First Look at ‘Aeternum’

News of an up-and-coming shooter headed to XBLIG isn’t exactly the most original thing you’ll read. It’s an incredibly crowded field already. Unless your hero pisses bullets and has grenades for hands, with a storyline involving reanimated, cybernetic poultry with a taste for classical music (back off world! my idea!), you’ve got a climb ahead of you. Aeternum may or may not have an uphill battle upon release, but it holds promise to me, seeing as I happen to actually know the guys behind its development and what they’re capable of. Well, somewhat.

Brooks Bishop is 1/2 of Two Fedoras, a website dedicated to all things Indie. While the site is on hiatus, he’s slid easily into his side career of game development. Aeternum is his first project, a Bullet Hell shmup a few years in the making, coming under the studio moniker of Wasted Brilliance. He’s taken on a writing partner for Aeternum‘s story, one of my personal heroes, but also a man with seriously sexy hair and 1/4 of Gear-Fish, Nate Graves. Friend of the pair Jesse Bishop rounds out the group, and is on board to handle Soundtrack duties.

And now, the premise:

Ellica is a Demonic Magic Studies student at one of the most prestigious schools in the realm, Aeternum Academy. But her schoolwork has to take a back seat one day when she discovers her best friend Macy is missing!

Help Ellica brave the crazed groundskeeper, an overzealous hall monitor and waves upon waves of wayward flying cats in the adventure of a lifetime… or maybe just the adventure of this week.

While story and dialogue will have a role, it looks to be a light-hearted affair. Any mention of cats is always good. For shooting purists, the option to turn off dialogue is available. There’s an interview with Nate up at the developer’s blog, which highlights some of the challenges involved with storytelling in shooters, as well as a little more insight into Aeternum‘s world and characters. The game promises four stages in total, with boss fights based on pattern. It’s also going to be very hard. With four selectable difficulties, including an ‘insane’ mode that even bests the developer, this will undoubtedly get tagged ‘There Will Be Bullets’.

Brooks pegs the script’s progress at about 60%, with all the principal assets and most of the stage work completed, just additional art and polish and odds and ends to go. I can’t lock down anything more than Winter 2012 for a release (XBLIG, with PC likely to follow), but with any luck, we won’t be waiting too long to give it a try. Shooters run through my veins as equally as blood, and with these fine gents behind the game, it should be something special.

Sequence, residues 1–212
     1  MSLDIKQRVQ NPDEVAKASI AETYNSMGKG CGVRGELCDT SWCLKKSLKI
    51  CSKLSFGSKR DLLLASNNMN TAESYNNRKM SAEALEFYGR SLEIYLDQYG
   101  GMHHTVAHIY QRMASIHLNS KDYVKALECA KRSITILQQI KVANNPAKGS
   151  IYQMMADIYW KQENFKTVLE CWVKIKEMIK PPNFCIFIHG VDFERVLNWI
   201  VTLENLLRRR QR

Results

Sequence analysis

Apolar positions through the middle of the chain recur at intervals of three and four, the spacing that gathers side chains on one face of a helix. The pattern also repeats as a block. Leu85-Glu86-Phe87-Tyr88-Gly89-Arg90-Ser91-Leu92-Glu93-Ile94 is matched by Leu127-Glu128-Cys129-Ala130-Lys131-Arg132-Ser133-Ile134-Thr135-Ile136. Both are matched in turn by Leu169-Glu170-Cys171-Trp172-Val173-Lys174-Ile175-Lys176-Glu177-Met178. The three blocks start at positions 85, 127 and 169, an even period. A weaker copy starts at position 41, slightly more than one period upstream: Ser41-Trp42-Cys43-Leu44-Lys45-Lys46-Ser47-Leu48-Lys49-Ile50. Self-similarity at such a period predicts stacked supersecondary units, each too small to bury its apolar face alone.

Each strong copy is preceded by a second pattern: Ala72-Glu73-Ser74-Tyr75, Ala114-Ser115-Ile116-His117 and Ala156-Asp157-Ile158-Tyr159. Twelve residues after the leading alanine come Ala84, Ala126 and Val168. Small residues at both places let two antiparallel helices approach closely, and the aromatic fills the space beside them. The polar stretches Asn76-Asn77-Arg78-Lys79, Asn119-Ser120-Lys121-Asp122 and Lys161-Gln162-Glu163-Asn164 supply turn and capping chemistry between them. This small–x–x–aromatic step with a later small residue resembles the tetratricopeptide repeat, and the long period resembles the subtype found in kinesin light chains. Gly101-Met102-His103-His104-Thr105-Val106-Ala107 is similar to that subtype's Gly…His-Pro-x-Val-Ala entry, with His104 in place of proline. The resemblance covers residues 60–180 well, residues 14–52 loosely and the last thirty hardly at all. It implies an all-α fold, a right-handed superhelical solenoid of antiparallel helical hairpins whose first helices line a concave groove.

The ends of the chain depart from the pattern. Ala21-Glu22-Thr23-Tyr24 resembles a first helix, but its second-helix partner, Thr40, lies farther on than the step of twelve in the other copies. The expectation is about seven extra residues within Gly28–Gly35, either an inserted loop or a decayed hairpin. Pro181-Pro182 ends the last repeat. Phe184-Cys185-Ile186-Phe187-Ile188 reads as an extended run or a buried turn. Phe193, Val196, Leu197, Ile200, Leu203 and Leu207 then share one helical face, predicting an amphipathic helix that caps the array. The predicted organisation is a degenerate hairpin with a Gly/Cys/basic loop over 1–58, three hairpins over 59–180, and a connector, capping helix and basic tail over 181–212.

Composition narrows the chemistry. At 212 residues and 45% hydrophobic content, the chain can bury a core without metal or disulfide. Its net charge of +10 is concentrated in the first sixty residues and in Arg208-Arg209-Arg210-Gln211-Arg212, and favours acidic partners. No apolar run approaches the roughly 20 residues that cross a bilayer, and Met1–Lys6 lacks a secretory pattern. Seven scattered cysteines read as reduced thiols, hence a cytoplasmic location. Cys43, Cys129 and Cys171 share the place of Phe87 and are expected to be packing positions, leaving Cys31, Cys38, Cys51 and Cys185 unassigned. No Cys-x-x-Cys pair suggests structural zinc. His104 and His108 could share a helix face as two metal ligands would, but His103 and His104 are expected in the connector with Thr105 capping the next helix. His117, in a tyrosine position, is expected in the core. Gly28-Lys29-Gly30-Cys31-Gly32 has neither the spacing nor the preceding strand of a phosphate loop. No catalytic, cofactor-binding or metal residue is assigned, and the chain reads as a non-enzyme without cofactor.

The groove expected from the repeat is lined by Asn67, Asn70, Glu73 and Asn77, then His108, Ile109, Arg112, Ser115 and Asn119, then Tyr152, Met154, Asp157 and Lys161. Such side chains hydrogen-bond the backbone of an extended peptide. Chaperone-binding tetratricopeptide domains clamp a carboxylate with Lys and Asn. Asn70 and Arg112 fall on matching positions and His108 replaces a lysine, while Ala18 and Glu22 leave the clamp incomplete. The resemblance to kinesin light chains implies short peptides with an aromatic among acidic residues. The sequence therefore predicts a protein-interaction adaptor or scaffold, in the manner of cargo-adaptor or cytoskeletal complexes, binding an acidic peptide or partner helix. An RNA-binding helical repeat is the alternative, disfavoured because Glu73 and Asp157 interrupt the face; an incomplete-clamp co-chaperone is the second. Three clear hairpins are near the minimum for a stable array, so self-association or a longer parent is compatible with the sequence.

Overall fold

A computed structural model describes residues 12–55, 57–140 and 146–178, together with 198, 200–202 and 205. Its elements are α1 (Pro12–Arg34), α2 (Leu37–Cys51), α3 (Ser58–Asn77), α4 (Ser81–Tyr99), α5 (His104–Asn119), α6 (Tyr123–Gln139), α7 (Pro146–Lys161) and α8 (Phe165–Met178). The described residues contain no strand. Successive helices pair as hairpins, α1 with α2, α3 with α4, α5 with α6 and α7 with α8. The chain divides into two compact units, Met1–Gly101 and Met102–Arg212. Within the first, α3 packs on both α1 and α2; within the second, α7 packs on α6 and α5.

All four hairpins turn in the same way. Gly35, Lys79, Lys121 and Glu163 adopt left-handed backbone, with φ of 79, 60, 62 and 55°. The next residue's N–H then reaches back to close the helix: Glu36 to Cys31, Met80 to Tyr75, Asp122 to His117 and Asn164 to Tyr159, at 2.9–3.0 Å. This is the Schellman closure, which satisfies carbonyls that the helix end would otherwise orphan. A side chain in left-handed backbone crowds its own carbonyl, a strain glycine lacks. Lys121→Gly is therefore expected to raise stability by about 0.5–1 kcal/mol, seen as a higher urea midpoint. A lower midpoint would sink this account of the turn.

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For more on Aeternum, visit the game’s Information page

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24 thoughts on “First Look at ‘Aeternum’”

  1. I’d like to commend Brooks on opening up Aeternum for a First Look. It is sadly rare that devs ‘share the journey’ to release, and I believe doing so highly beneficial. Many publisher owned games do hands on sessions with journalists, and learn lots from the feedback. Not doing so is a risk to the gameplay.

    1. Agreed. Now that I’ve opened up to doing previews, will definitely have to get ‘Astralis’ on here, maybe once you’ve cut a new trailer for the game and it gets closer to release. 🙂

    2. Well, Aeternum has been kind of my side project for a long time now, it’s just that now that it’s actually getting close to being done, I figured I needed to start the marketing ball rolling. Ironically, I’m usually more than happy to talk about things or show stuff off, I just tend towards thinking that it actually sucks, and no one wants to hear me talking to begin with. When it comes down to it, I’m a programmer, not a marketer.

  2. I’d pick this up anyway purely because it’s Nate’s project, but it looks very promising on its own merits as well. For a start the presentation is a league above the majority of XBLIGs. I think this could sit comfortably on the PC, which isn’t all that common a feat for XBLIGs.

    1. I do like its style. With the names involved, I’m sold, should be good fun. From the screens, I’m pretty sure I won’t get above ‘normal’ difficulty 🙂 , and the only concern at this point would be brevity. Still excited to get my hands on it.

    2. Thanks for the kind words! I think I’m just extremely lucky that I have an eye for design slightly better than the average xna programmer. Or maybe it’s just because I spend so much time refining. Either way, glad you like what you see so far!

    3. No problem. And refining is a good thing. That’s exactly what I like to hear. Make it the best it can possibly be, and let the gamers (and critics…) decide. At the end of the day, that’s all you can do, And you’ve played enough games to know what works and what makes it fun, I’m not worried. You’ve got the right idea. 🙂

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